Contenders now have until Dec. 31 for their spacecraft to be launched, said the foundation, which is running the Google Lunar XPrize and eight other technology stimulus contests.
Previously, competitors needed to complete activities on the lunar surface, such as having their vehicles travel 1,640 feet (500 meters) and broadcast high-definition video, by the end of the year.
Since the contest was announced in 2007, interest in the Google Lunar XPrize has been high, with 33 teams originally signing up to compete for the $20 million first prize.
Second place is worth $5 million and bonus money is available for accomplishing extra tasks, such as visiting an Apollo landing site or finding water on the moon.
Google’s parent company, Alphabet has produced a documentary series about Lunar XPrize competition.
For SpaceIL, by the end of the competition, the team’s SpaceX Falcon 9 rocket is expected make its first moon journey.
If successful, this will be the first time an Israeli spacecraft will land on the moon.
Along with SpaceIL, the other four finalists include the Florida-based Moon Express, Synergy Moon (which represents 15 different countries), India’s Team Indus and Japan’s Hakuto.
“We’re thrilled to have five contenders that are working from all over the world on this one mission,” XPrize Senior Director Chanda Gonzales-Mowrer said in an email.
SpaceIL recently got a significant monetary boost in funding courtesy of businessman Sam Sagol.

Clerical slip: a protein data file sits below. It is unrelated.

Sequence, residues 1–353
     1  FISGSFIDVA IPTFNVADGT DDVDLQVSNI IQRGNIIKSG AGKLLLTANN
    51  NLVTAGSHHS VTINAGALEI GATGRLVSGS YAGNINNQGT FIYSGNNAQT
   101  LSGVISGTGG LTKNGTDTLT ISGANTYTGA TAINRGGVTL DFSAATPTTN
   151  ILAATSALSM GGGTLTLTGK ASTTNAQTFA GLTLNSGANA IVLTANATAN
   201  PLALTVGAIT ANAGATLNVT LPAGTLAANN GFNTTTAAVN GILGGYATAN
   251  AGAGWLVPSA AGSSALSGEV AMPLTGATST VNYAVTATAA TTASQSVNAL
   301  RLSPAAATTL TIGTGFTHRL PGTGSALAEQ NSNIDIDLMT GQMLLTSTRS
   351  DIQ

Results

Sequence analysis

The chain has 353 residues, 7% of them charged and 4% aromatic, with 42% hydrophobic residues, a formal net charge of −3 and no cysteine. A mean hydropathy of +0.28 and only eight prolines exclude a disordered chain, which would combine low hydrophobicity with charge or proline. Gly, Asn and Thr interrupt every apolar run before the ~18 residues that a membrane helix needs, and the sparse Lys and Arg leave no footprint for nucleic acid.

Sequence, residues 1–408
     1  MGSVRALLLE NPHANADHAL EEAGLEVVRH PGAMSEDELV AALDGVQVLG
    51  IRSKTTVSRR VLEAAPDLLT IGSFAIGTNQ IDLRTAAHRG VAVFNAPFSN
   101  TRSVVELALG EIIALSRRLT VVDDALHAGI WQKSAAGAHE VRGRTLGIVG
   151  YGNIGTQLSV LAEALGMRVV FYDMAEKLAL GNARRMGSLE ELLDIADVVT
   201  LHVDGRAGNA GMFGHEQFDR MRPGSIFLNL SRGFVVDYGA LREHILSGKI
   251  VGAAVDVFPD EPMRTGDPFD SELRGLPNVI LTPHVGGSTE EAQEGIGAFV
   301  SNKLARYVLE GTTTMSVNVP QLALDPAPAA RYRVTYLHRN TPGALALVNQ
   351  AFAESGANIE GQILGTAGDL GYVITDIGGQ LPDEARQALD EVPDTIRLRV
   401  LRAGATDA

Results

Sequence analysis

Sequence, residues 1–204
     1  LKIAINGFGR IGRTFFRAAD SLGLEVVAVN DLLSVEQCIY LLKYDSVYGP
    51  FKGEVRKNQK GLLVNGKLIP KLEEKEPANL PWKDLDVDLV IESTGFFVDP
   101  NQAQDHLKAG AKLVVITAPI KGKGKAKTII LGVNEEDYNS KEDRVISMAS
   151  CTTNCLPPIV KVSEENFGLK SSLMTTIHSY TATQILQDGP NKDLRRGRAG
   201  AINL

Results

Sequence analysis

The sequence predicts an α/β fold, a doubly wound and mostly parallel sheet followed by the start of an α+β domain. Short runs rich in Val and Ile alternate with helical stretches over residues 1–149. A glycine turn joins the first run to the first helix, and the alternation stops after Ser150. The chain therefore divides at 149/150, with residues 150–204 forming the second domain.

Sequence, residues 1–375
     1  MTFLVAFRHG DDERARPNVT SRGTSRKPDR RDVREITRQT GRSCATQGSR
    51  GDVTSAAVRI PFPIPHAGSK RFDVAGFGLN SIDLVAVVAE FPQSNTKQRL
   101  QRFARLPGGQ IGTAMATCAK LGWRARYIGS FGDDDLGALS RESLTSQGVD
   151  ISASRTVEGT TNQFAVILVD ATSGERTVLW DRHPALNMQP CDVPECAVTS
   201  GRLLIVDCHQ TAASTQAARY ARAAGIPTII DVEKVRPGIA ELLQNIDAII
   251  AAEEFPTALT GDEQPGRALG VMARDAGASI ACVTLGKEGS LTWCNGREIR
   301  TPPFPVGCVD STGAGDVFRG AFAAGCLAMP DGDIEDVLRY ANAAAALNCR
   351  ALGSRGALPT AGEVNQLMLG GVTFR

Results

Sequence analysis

Sagol joins Amdocs founder, Morris Khan, the Adelson Family Foundation, Charles and Lynn Schusterman Foundation, Bezeq and the Israel Space Agency as significant supporters of this initiative.
Of Sagol’s generosity, Khan said, “I am proud to have Sam and Tova Sagol join me. Sheldon and Dr. Miri Adelson and others, in supporting this innovative, history-making project. Sami’s devotion to brain research – to humans living longer and better lives – is inspiring.
The Sagols have displayed a remarkable commitment to philanthropy, to projects that showcase what Israel can do, and how Israeli ingenuity is changing the world for the better,” he said in a statement.
Dr. Eran Privman, SpaceIL’s CEO, boasted about the team’s move to the next phase of the competition, “We have waited for this moment for a long time. Being announced as finalists in the Google Lunar XPRIZE competition officially confirms what we always knew: Israel is at the forefront of global technology. SpaceIL, emerging as a competition finalist, enhances our team’s ability to ‘shoot for the Moon.’” This unique Israeli achievement has also resonated with Israeli artists with renowned singer and songwriter Aviv Geffen praising the ambitious project. For Gefen, whose hit song Or Yare’ach (Moonglight) was released 20 years ago, SpaceIL has resonated with him personally.
“Obviously, since SpaceIL is shooting for the Moon, I found it interesting, as a person who looked up to the Moon at night from the day I was born,” he said.